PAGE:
else ctx.res.status(400).send('Its broke')

An added benefit of this is that it'll catch asynchronous errors too and anything that get's passed to express's next.

Example app

Here's an example app which uses ChowChow and a custom module SomeModule.ts so you can see how it all fits together

import { ChowChow, BaseContext } from '@robb_j/chowchow'
import { SomeModule, SomeContext } from './SomeModule'

// Define your context based on the modules you use
// ... think 'adding your models to the context'
type Context = BaseContext & SomeContext

// Create your routes with your context and easily destructure the context
const yourRoute = async ({ res }: Context) => {
  res.send({ msg: 'Hey!' })

// Any errors get caught for your error handlers, even async ones
const errorRoute = async (ctx: Context) => {
    throw new Error('Oops')

  // App entrypoint
;(async () => {
  // Create an instance and apply modules
  let chow = ChowChow.create<Context>()
  chow.use(new SomeModule({ anyArbitrary: 'config' }))

  // Apply your routes straight to express, using the converter function 'r'
  chow.applyRoutes((app, r) => {
    app.get('/', r(yourRoute))
    app.get('/error', r(errorRoute))

  // Easily handle errors with the same strongly-typed context object
  chow.applyErrorHandler((err, ctx) => {
    if (err instanceof SomeError) ctx.res.send('SomeError happened')
    else ctx.res.status(400).send('Its broke')

  // Then just start it up, with optional arguments
  await chow.start({ port: 1234, verbose: true })
  console.log('Listening on :1234')

  // You can stop at any point and it'll cleanly close the http.Server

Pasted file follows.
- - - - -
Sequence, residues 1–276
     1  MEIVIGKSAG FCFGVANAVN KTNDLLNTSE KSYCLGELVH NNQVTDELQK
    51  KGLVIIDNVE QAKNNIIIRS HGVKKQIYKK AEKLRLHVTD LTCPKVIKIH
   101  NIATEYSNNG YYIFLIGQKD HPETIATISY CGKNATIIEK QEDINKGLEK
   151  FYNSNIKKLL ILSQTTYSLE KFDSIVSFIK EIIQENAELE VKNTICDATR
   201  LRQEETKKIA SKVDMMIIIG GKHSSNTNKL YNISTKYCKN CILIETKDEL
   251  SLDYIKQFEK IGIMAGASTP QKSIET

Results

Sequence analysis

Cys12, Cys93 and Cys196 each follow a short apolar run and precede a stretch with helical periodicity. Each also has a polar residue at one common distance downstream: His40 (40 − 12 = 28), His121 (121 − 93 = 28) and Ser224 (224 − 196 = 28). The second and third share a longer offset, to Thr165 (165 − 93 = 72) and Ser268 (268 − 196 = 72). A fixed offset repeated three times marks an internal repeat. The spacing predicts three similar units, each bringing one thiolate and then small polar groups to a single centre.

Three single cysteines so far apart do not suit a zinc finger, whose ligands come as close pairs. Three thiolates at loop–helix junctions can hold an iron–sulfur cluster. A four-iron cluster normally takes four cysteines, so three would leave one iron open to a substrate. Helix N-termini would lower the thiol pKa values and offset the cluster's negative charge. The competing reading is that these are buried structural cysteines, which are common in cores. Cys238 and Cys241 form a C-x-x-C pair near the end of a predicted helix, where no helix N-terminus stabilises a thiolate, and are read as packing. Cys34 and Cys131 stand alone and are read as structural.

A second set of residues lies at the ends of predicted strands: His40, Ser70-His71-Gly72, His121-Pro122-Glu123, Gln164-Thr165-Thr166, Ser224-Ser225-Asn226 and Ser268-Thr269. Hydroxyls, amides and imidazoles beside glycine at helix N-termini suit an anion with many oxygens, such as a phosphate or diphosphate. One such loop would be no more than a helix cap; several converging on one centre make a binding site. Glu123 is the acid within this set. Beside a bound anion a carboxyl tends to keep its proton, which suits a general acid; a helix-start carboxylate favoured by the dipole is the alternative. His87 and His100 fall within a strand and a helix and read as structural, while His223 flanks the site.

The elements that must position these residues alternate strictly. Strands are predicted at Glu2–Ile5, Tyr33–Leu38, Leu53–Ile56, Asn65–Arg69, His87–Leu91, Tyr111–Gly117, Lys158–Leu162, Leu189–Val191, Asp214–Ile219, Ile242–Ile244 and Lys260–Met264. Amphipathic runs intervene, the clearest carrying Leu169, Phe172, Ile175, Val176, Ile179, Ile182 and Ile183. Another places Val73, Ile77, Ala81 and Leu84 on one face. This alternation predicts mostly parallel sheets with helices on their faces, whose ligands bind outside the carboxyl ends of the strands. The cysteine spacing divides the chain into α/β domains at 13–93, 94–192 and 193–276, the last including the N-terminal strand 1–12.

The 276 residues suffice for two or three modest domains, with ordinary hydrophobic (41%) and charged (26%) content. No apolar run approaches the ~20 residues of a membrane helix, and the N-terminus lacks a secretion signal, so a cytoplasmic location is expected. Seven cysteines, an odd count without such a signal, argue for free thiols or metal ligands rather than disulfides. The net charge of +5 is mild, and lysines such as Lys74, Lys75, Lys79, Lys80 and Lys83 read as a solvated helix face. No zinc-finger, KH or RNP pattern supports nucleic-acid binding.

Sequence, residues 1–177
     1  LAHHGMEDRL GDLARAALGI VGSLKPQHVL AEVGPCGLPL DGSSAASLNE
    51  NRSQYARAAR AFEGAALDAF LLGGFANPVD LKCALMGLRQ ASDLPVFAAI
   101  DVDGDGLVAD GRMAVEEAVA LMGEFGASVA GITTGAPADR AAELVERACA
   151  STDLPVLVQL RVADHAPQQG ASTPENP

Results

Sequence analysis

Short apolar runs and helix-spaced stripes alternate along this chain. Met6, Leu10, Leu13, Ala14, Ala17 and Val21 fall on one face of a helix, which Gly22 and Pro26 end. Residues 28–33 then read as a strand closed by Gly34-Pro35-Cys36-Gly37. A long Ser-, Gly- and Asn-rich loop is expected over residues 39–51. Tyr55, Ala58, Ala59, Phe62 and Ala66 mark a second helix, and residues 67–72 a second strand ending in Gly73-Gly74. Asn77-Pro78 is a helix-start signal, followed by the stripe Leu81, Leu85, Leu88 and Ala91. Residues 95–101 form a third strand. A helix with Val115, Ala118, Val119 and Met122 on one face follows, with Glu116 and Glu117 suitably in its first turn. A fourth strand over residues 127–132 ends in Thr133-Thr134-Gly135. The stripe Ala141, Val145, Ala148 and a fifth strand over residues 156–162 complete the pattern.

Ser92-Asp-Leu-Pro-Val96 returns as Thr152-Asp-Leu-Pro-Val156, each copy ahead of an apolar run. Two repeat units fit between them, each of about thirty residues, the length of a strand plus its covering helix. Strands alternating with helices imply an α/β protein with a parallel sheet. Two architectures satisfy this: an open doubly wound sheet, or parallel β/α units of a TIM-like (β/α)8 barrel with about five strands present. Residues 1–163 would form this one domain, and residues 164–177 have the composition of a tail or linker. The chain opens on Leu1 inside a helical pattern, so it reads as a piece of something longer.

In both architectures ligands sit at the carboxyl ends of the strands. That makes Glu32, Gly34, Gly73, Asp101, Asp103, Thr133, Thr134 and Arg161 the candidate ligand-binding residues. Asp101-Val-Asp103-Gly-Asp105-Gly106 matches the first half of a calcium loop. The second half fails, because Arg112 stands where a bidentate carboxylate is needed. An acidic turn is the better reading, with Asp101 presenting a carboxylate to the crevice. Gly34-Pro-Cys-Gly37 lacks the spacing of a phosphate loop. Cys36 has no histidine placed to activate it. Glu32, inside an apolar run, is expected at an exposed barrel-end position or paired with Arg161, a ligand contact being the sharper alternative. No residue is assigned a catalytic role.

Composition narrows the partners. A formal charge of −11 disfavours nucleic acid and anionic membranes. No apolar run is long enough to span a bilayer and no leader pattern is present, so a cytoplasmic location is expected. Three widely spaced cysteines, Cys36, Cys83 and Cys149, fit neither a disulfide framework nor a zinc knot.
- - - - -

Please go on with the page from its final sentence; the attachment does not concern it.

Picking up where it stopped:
await chow.stop()

Example Modules

Modules have hooks to configure the express server, add middleware and modify the context object.

  • Logging module to adds a log object to the context
  • I18N module to adds an i18n object to the context
  • Mongoose module, adds your models to the context

A Module

import { ChowChow, Module, BaseContext } from '@robb_j/chowchow'
import { Application } from 'express'

// How the module modifies the context
export type SampleContext = {}

// The configuration for the module, useful as an exported type
export type SampleConfig = {}

export class SampleModule implements Module {
  app: ChowChow = null as any // Automatically set by ChowChow when applied

  // An optional custom constructor to create your module
  constructor(public config: SampleConfig) {}

  // A hook to throw errors if not configured
  // e.g. Check the config or that environment variables are set
  checkEnvironment() {}

  // Called once all #checkEnvironment calls pass to setup the module
  setupModule() {}

  // Called when ChowChow is stopped and to tidy up the module
  clearModule() {}

  // This hook allows the module to configure express, ran in the order modules are applied
  extendExpress(app: Application) {}

  // Override point for extending the context, called for each request
  // -> Its passed to current context and is expected to return its own modifications
  // -> Forcing the return type means the module complies with whats expected of it
  extendEndpointContext(ctx: BaseContext): SampleContext {
    return { yourExtra: 'things' }